British Columbia owners of Condos and Townhomes are seeing a crisis with some insurers pulling out of the market. Those that remain are hiking up their prices. In a bid to address the problem, the relevant authorities recently held an online meeting. The meeting lasted for 4 hours and addressed the crisis that is facing BC stratas regarding building insurance. Condo owners are seeing the price of insurance increases, as well as insurance options, are simply disappearing. Meeting attendees came from various sectors of the market. They included officials from real estate, insurance, government along with other businesses and other stakeholders. The meeting took place online in light of the current COVID-19 crises.
One-third of the residents in British Columbia live in townhouses or condos. They are faced with this crisis of wether their building will be able to find insurance. There is also the problem of affording the premiums when they do find an insurer. This along with the COVID-19 pandemic is putting a lot of stress on the residents.
Don Forgeron, the CEO of the Insurance Bureau of Canada noted that it is unfortunate that no immediate relief could be reached. The Insurance Bureau of Canada noted that this crisis did not just occur overnight. They also note they have made recommendations to both the stratas and the government. However, currently, time is necessary to bring forth the required change. They note these measures will provide help in the future. They are also, hoping for spillover into the short term and medium term. The impact of these changes for right now is hard to measure or predict.
Horror Stories from Residents
Over the last few months of 2020, residents have shared a number of horror stories. With approximately 1.5 million British Columbians calling strata corporations their home, a large majority. Residents told stories of increases of up to 400% in their insurance fees. They also noted a staggering increase in deductibles. We heard stories of buildings only receiving partial policies and in some cases, while some received no policies at all.
British Columbia is not the only province in Canada that suffered a hit. Notably, though, it is the one that has taken the hardest hit. This is because of the large number of stratas that are contained in British Columbia. Factors that affect this include;
- Where the stratas are built
- The standards to which the stratas are built
- Type of construction used for the buildings
- British Columbia’s risk of earthquakes
These factors make this a bigger problem for British Columbia than that of other provinces.
One metro Vancouver condo owner of 16 years shared her story. Her building’s insurer notes they will not be renewing the policy. Because of this, her strata council will have to find a new insurer. As she lives on a fixed income, this owner is fearful of any increase to her fees that may arise from the strata finding new insurance.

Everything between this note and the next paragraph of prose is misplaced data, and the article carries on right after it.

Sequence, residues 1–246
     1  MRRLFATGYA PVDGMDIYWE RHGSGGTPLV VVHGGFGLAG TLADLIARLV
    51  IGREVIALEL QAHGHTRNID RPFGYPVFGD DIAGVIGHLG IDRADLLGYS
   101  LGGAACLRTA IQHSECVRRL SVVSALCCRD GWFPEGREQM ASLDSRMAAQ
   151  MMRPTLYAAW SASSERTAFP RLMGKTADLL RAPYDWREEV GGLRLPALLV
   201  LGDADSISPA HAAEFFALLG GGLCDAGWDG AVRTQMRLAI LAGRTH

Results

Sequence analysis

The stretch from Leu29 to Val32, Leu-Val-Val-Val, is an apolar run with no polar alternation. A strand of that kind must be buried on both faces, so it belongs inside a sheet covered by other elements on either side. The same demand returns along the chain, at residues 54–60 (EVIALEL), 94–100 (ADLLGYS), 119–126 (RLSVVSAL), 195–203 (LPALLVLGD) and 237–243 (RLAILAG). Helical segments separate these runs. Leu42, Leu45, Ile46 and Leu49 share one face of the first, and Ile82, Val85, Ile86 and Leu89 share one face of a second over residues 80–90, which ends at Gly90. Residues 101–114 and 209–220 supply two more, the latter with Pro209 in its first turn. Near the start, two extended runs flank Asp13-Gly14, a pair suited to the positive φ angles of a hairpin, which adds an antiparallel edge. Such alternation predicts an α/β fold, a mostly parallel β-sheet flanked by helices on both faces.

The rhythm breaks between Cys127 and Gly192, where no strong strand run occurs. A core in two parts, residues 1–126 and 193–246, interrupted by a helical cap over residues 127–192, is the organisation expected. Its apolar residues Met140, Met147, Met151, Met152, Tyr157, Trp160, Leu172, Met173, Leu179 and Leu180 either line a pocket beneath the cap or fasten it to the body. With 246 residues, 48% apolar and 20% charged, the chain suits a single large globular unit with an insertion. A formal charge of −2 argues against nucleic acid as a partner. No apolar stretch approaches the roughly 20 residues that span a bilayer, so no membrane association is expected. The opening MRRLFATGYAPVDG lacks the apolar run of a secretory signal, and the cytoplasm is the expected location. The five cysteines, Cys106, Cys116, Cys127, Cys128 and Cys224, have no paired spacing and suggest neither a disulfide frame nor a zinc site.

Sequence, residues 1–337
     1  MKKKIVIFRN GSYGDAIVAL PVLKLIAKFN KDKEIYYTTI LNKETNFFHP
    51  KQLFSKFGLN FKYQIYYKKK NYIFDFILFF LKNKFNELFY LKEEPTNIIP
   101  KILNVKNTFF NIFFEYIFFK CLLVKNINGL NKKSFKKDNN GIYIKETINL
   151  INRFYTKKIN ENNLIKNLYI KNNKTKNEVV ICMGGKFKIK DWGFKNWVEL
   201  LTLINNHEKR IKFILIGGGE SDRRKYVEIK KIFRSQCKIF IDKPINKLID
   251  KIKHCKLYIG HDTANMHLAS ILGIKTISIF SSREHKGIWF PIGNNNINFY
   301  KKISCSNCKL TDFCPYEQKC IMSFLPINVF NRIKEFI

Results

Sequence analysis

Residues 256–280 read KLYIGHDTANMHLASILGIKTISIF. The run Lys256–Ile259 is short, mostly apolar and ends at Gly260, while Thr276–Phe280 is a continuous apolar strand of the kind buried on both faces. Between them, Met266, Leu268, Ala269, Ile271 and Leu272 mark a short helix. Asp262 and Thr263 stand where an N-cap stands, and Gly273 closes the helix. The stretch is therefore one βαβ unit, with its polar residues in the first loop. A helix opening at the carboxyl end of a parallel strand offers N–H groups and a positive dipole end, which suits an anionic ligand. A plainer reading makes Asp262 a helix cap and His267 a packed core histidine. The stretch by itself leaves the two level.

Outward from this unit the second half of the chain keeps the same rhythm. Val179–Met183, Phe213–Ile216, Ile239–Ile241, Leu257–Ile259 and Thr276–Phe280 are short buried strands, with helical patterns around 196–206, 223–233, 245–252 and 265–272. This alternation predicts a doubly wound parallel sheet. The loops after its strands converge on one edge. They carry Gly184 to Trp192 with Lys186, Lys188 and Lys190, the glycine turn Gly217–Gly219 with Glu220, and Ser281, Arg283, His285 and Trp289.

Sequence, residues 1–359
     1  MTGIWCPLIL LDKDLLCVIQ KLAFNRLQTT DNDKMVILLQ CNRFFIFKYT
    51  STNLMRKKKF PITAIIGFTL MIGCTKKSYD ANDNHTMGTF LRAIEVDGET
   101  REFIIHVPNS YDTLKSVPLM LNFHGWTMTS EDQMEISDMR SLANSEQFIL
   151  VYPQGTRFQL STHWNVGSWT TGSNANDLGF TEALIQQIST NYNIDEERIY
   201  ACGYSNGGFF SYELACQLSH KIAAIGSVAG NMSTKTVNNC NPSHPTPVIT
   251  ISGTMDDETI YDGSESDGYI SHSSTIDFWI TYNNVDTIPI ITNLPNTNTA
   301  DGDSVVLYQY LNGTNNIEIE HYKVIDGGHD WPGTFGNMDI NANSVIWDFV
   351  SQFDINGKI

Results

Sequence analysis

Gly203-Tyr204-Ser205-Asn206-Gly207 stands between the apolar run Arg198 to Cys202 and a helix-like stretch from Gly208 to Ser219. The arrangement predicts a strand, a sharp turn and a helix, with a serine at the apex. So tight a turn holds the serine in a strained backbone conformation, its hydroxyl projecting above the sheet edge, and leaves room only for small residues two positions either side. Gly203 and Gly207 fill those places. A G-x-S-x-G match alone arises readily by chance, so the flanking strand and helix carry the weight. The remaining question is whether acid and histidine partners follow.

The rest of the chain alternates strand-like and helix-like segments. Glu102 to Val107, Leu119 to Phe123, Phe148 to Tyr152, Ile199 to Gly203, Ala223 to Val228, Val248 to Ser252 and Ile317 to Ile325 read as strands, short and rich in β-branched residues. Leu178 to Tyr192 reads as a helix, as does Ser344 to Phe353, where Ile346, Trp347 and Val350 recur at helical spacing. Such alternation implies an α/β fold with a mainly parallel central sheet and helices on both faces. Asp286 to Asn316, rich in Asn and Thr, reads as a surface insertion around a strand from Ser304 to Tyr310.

Many residents are facing similar issues and they are looking to the government for protection. We are all looking for concrete action from the government. It is expected that more stratas will start experiencing these problems as the future unfolds. As a result, there are more people paying attention to the details of this conversation.
Recommendations from the Insurance Bureau of Canada
- Making education for risk mitigation mandatory for strata councils
- Amending building codes to prevent extensive water damage with the mandatory installation of leak detection devices
- Passing legislation to avert Stratas from deferring depreciation reports
- Prevent strata from putting off long-term maintenance with proper legislation
- Make definitions in the Strata Property Act to define a “standard strata”
- Make it clear in the Strata Property Act what damages are the responsibility of the strata lot owners separate from those of the strata council
Current Measures to Address the Crisis
The Minister of Finance, Carole James, noted that they are in the process of exploring ways to address the crisis. A spokesperson from the ministry further tells how discussions are underway with the Insurance Bureau of Canada. The main focus of these discussions is to ultimately make strata insurance costs more affordable.
The BC Financial Services Authority is the insurance regulator for the province. They are continually gathering data on the rate hikes and average increases across the province. They intend to determine how many of the 300 British Columbia insurance companies have stopped offering services to condos and townhouses.
This also affects renters of townhouses and condos as their landlords may have to pass the increases to them. Forgeron notes that no one should be forced from their homes because of these insurance issues. As such they are motivated for a solution to be found and implemented soon. We hope that the changes made will attract insurers to come back to the BC market. We hope that with demand taken care of, the cost of insurance will fall to more affordable prices.
The matter is indeed urgent and we can only hope that the government will heed the recommendations of the Insurance Bureau. We hope the necessary changes will be made to help keep BC residents in their homes.